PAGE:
2. You can lodge a complaint to Bar Council of India against the said lawyer giving details of the transactions.
Krishna Kishore Ganguly
Advocate, Kolkata
12143 Answers
234 Consultations
5.0 on 5.0
1) land which has remained undivided for four generations would be ancestral land 

2) litigation fees vary . Better engage a lawyer from Punjab to save costs 
Ajay Sethi
Advocate, Mumbai
23398 Answers
1230 Consultations
5.0 on 5.0
1. Ancestral land is land originally purchased by the great grandfather or his lineal descendant and which travels up to the fourth lineal ascendant without partition or disposition. The title deeds and transfer deeds of the land in question will alone throw light on whether the property is ancestral in your hands or not.

2. In an ancestral land the coparceners have by birth the right to seek partition but in Punjab during the lifetime of father his children cannot claim partition. 

3. What do you seek to obtain through Right to Information Act? An application under RTI Act is to be supported by a Rs.10/- postal order. There is no other cost. 

4. To preempt the creation of third party rights you should file a suit for injunction by engaging a lawyer.
Ashish Davessar
Advocate, Jaipur
18266 Answers
450 Consultations
5.0 on 5.0
1. is there law in place that allowed me to claim a right of ownership over a proportion of my ancestral land in Punjab?

Whether Punjab or anywhere in India, the coparcener has a right to his legitimate share in the ancestral property.
However I have my own doubt that the subject property under reference may not be of ancestral nature because once your grandfather acquired it through his father and also he added his self acquired property to it and he made a testamentary disposition of the property, the property loses its ancestral character.  Therefore you may not have rights to claim a share in it during your father's lifetime.






2. Can we file a report to the police about this solicitor who has fled with our money and how do we go about doing this from the UK?

You can make a complaint against the solicitor with the Bar council and his bar association if he is an advocate, or if he is not then you may lodge a complaint with the police.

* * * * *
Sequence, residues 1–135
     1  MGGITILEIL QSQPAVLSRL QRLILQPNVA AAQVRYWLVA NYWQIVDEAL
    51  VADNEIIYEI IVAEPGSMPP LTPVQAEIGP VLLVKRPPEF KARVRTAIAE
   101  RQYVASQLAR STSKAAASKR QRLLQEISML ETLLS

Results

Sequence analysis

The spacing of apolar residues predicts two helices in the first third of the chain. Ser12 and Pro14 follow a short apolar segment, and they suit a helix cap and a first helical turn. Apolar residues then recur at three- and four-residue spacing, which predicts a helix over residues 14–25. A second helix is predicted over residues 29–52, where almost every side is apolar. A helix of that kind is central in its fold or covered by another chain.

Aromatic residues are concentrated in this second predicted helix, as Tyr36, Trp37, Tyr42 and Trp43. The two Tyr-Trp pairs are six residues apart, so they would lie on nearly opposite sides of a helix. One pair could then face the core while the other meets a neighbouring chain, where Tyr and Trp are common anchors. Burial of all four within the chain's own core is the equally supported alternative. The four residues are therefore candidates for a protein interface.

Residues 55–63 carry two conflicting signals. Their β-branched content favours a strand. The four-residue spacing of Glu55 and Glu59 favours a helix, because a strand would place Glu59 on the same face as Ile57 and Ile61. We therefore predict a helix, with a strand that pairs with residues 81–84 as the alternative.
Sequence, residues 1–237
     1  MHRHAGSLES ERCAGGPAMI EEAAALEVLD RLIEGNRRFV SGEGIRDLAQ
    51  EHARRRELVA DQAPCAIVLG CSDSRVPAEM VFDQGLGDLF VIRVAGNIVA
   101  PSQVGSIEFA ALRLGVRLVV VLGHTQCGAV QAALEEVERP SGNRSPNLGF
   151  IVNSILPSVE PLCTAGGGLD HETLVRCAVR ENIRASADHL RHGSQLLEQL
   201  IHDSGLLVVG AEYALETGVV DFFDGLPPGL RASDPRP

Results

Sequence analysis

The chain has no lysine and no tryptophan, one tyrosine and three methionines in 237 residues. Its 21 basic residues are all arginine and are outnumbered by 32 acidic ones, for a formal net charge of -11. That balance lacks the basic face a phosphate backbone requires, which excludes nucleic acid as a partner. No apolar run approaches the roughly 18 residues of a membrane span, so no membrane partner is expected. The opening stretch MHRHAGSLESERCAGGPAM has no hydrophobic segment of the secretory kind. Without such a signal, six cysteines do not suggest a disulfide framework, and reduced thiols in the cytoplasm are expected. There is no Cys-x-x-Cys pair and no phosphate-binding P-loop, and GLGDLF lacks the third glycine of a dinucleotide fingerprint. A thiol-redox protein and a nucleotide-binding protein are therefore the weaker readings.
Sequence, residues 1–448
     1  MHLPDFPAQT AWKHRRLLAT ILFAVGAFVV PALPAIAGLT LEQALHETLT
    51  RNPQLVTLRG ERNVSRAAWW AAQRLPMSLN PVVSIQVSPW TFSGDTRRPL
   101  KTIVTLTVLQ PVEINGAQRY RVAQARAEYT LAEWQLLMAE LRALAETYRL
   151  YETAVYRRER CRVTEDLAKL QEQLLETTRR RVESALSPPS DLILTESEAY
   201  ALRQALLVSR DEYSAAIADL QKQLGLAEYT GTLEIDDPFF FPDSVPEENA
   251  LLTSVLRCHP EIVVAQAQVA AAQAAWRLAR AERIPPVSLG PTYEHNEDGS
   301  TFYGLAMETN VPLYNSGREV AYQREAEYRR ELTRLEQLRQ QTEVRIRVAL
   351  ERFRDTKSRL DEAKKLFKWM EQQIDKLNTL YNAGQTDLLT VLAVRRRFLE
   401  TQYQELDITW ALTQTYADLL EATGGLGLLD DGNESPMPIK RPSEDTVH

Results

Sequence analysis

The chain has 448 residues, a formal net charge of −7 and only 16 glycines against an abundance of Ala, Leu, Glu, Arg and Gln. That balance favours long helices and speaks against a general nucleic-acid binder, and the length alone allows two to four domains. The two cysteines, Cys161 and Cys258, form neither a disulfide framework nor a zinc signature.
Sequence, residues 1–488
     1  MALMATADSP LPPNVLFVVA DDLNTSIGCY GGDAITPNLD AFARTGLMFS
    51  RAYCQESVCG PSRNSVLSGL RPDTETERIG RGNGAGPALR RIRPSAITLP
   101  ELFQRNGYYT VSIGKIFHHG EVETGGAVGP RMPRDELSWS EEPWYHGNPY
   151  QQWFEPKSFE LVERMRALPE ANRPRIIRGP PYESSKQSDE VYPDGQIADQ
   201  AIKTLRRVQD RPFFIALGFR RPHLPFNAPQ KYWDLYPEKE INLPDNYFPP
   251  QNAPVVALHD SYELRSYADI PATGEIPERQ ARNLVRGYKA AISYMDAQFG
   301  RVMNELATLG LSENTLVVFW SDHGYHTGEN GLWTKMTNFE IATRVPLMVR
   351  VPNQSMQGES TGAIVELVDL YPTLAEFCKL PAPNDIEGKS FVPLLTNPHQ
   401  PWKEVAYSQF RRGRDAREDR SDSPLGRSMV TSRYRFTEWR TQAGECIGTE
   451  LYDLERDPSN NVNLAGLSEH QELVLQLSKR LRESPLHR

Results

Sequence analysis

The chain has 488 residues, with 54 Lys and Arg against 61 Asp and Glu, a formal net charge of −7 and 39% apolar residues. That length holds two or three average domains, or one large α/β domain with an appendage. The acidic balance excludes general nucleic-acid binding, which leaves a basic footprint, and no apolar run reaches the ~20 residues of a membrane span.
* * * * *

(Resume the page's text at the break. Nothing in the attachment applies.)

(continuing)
You can move complaints through online too with the concerned authorities fro UK. 
T Kalaiselvan
Advocate, Vellore
14171 Answers
128 Consultations
5.0 on 5.0
Property inherited by a Hindu from his father, father’s father or father’s fathers’ father, is ancestral property.  The essential feature of ancestral property is that if the person inheriting it has sons, grandsons or great-grandsons, they become joint owner’s coparceners with him. They become entitled to it due to their birth. Coparcener. One who shares (equally) with others in inheritance in the estate of a common ancestor.
Coparcenary property means and includes: (1) ancestral property, (2) acquisitions made by the coparceners with the help of ancestral property, (3) joint acquisition of the coparceners even without such help provided there was no proof of intention on their part that the property should not be treated as joint family property, and (4) separate property of the coparceners thrown into the common stock.
To be more clear about ancestral property and the rights as a coparcener:
The property of the great grandfather falling into the hands of three generations without partition or any mode or alienation in between then the fourth generation male members become coparceners of the property which is called as ancestral property and they can claim their rights in it by birth.
If the above convinces you, then you may ascertain your position and deservance to claim a share in the property after which you can decide about claiming your legitimate share, if any, legally through a lawyer and by entrusting the job to a general power of attorney agent to look after the same during your absence in the proceedings of the case.
The costs can be enquired from the lawyer who you would be proposing to engage.
T Kalaiselvan
Advocate, Vellore
14171 Answers
128 Consultations
5.0 on 5.0

Ask a Lawyer

Get legal answers from top-rated lawyers in 1 hour. It's quick, easy, and anonymous!
Ask a Lawyer

Property Lawyers

T Kalaiselvan
Advocate, Vellore
14171 Answers
128 Consultations
5.0 on 5.0
Ajay Sethi
Advocate, Mumbai
23398 Answers
1230 Consultations
5.0 on 5.0
Ashish Davessar
Advocate, Jaipur
18266 Answers
450 Consultations
5.0 on 5.0
Krishna Kishore Ganguly
Advocate, Kolkata
12143 Answers
234 Consultations
5.0 on 5.0
Devajyoti Barman
Advocate, Kolkata
5248 Answers
54 Consultations
4.9 on 5.0
Shivendra Pratap Singh
Advocate, Lucknow
2798 Answers
41 Consultations
4.9 on 5.0
Atulay Nehra
Advocate, Noida
444 Answers
15 Consultations
4.7 on 5.0
Rajgopalan Sripathi
Advocate, Hyderabad
873 Answers
43 Consultations
5.0 on 5.0
Ajay N S
Advocate, Ernakulam
1918 Answers
19 Consultations
5.0 on 5.0
S J Mathew
Advocate, Mumbai
1954 Answers
66 Consultations
5.0 on 5.0